Budapest is one of the places with the highest level of linguistic density in Central Europe. Above seven percent of the city’s population is from outside of Hungary. Almost half of the foreigners living in Hungary reside in Budapest, and the city has a traditional Roma and Jewish community. By now the immigrant populations speaking Asian languages have outnumbered most of the traditional national minorities. The statistical categories of ‘Chinese’ or ‘Russian’ actually hide the presence of dozens of small languages.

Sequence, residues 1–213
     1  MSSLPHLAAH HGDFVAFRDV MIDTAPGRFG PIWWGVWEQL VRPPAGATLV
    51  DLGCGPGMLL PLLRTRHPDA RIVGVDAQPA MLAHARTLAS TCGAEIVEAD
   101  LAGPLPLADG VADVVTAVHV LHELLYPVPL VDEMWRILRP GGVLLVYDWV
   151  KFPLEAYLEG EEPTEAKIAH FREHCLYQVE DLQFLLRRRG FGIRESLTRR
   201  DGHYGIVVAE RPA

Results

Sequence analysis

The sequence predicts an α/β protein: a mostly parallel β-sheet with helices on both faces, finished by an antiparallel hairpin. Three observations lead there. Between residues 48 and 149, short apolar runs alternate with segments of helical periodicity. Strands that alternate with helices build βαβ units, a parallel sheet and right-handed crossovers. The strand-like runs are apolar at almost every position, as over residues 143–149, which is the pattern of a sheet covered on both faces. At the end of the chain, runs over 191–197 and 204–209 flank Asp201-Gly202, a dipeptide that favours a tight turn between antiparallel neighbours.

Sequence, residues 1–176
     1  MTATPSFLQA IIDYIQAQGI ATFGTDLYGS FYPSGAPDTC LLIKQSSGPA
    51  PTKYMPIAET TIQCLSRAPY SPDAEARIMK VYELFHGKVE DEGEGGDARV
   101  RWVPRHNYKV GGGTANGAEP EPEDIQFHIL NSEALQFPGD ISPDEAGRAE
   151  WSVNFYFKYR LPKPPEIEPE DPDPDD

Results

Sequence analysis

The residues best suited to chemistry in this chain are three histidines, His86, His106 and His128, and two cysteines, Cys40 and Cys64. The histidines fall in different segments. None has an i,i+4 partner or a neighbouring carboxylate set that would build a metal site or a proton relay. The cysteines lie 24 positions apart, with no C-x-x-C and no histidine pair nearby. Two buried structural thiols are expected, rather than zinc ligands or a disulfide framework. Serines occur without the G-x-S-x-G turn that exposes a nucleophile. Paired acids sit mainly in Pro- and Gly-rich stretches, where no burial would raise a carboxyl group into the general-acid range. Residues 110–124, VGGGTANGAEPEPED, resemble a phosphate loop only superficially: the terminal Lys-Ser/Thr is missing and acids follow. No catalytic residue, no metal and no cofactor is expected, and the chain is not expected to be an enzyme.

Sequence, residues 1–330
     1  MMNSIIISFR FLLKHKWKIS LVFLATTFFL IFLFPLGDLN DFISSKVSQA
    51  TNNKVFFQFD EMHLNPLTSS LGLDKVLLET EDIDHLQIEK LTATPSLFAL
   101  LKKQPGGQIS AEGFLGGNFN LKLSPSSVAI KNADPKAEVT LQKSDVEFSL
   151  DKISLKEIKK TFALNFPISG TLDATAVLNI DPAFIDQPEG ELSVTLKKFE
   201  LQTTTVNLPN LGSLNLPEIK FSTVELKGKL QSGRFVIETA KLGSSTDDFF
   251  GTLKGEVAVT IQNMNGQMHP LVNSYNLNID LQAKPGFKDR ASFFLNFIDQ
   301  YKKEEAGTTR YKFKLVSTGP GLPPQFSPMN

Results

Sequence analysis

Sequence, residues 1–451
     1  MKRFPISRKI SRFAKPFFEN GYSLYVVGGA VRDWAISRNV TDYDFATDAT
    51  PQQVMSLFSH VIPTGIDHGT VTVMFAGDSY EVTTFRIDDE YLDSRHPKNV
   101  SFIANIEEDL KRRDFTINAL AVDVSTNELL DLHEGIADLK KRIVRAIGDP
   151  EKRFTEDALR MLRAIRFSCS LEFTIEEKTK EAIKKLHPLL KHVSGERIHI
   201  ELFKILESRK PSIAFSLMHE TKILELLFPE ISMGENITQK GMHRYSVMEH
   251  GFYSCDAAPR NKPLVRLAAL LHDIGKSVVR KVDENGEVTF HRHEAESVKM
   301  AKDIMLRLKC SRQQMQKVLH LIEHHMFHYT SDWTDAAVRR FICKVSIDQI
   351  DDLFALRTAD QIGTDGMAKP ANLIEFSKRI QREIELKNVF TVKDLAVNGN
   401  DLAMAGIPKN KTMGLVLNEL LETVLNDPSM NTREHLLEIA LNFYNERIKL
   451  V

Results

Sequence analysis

Given these conditions, the city provides an excellent site for research on the cohabitation of various languages and traditions. The Budapest Languages project records the ways how these languages are spoken or written (accents and varieties of Hungarian, etc.), reconstructs their grammars and maps the difficulties of their speakers with regard to Hungarian. The project is organized in collaboration with specialized language labs at various local universities (primarily Károli, ELTE, and the Academy of Sciences). Within the framework of the planned activities, students can participate as interns, obtaining project-based learning experience outside of the classroom. The resources of the project will not only stimulate advance in urban linguistics but will also help the communication between locals and newcomers.v